Modafinil is becoming increasingly popular as a cognitive enhancer. Research on the effects of modafinil on cognitive function have yielded mixed results, with negative findings for simple memory and attention tasks and enhancing effects for more complex tasks. In the present study we examined whether modafinil, due to its known effect on the dopamine level in the striatum, alters feedback-related choice behaviour. We applied a task that separately tests the choice of previously rewarded behaviours (approach) and avoidance of previously punished behaviours...
September 20, 2016: Journal of Psychopharmacology
Alexander Heeren, Gabriel Karns, Jeremy Bruskotter, Eric Toman, Robyn Wilson, Harmony Szarek
Decisions concerning the appropriate listing status of species under the United States Endangered Species Act (ESA) can be controversial even among conservationists. These decisions may not only determine whether a species persists in the near term, they can also have long-lasting social and political ramifications. Given the ESA's mandate that such decisions be based upon the best available science, it is important to examine what factors contribute to experts' judgments concerning the listing of species. We examined how a variety of factors influenced experts' judgments concerning the appropriate listing status of the Greater Yellowstone grizzly bear (U...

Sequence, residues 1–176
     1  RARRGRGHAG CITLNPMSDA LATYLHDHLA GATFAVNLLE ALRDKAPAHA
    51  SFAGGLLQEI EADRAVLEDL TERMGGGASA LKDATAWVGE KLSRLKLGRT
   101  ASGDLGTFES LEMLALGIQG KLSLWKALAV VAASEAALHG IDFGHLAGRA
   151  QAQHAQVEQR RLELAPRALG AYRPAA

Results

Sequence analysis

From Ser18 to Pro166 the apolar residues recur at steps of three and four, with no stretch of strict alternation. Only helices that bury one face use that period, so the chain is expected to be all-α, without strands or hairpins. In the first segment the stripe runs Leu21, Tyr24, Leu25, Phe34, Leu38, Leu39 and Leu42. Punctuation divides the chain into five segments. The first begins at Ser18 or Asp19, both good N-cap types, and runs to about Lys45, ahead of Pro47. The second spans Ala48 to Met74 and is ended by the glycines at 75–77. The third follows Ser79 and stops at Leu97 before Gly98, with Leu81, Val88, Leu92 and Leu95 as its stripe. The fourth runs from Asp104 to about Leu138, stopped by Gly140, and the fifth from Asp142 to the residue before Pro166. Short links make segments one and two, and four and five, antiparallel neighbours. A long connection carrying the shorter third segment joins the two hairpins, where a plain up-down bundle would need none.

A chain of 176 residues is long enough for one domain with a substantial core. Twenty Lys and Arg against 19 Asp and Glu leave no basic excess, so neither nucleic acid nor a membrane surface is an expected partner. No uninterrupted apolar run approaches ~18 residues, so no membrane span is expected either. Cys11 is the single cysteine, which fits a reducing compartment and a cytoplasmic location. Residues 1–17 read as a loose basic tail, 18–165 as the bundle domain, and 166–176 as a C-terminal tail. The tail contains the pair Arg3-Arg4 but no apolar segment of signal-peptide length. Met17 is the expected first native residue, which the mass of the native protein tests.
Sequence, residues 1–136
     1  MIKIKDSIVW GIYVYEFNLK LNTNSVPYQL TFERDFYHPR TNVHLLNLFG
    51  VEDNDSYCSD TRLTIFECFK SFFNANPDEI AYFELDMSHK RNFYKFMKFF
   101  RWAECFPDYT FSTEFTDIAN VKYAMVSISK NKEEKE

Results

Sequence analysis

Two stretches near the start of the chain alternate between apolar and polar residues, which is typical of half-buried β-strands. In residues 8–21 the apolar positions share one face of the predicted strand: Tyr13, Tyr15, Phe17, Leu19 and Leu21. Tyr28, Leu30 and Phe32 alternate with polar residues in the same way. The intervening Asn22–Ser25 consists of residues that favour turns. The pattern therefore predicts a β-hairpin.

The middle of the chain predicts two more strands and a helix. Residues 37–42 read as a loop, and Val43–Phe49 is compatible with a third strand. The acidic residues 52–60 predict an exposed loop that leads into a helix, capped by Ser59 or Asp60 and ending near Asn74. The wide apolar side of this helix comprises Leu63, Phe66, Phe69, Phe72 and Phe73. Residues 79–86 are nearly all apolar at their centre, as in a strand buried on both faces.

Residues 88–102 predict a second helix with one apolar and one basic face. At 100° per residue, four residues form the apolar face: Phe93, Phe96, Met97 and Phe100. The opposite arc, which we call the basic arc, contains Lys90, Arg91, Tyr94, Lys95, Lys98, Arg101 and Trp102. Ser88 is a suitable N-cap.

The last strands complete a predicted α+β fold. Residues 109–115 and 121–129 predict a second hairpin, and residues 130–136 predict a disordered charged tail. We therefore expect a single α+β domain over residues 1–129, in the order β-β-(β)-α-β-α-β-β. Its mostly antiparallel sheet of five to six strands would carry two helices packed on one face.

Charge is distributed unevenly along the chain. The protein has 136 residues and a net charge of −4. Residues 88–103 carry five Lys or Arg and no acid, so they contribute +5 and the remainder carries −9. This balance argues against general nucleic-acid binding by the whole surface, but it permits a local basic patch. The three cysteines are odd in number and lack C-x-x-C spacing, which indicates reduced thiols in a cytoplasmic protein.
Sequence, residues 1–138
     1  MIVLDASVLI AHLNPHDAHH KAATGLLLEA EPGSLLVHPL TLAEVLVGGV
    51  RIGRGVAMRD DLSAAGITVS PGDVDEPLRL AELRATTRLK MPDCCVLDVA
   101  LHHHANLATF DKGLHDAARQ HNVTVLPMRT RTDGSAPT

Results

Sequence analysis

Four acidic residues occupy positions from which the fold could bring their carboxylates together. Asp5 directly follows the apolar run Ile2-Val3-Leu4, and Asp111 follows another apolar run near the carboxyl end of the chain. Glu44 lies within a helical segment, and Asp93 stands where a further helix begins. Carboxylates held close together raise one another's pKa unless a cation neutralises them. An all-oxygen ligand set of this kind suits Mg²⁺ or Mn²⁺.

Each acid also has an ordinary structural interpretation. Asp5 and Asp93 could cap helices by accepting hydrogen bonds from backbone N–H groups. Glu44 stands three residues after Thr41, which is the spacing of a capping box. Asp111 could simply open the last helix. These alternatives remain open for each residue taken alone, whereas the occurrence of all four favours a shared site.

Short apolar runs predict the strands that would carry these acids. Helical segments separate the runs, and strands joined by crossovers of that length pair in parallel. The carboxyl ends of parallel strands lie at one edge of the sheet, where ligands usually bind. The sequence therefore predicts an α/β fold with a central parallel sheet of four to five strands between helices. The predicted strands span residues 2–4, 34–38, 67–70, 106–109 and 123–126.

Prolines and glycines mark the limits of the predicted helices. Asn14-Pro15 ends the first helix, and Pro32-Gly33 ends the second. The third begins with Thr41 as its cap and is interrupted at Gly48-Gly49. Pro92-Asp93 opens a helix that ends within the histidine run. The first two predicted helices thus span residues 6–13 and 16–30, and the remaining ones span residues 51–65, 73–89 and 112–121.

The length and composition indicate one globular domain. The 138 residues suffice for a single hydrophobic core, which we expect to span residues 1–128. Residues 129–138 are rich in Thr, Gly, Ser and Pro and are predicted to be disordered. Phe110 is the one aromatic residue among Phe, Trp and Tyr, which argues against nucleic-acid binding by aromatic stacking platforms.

September 14, 2016: Conservation Biology: the Journal of the Society for Conservation Biology
Bernhard Hommel, Roberta Sellaro, Rico Fischer, Saskia Borg, Lorenza S Colzato
Increasing evidence suggests that cognitive-control processes can be configured to optimize either persistence of information processing (by amplifying competition between decision-making alternatives and top-down biasing of this competition) or flexibility (by dampening competition and biasing). We investigated whether high-frequency binaural beats, an auditory illusion suspected to act as a cognitive enhancer, have an impact on cognitive-control configuration. We hypothesized that binaural beats in the gamma range bias the cognitive-control style toward flexibility, which in turn should increase the crosstalk between tasks in a dual-task paradigm...
2016: Frontiers in Psychology
Robert Drozd, Przemyslaw E Cieslak, Michal Rychlik, Jan Rodriguez Parkitna, Rafal Rygula
Although the cognitive theory has implicated judgment bias in various psychopathologies, its role in decision making under risk remains relatively unexplored. In the present study, we assessed the effects of cognitive judgment bias on risky choices in rats. First, we trained and tested the animals on the rat version of the probability-discounting (PD) task. During discrete trials, the rats chose between two levers; a press on the "small/certain" lever always resulted in the delivery of one reward pellet, whereas a press on the "large/risky" lever resulted in the delivery of four pellets...
2016: Frontiers in Behavioral Neuroscience
L K Soon, A Q Hani Nawaf Ibrahim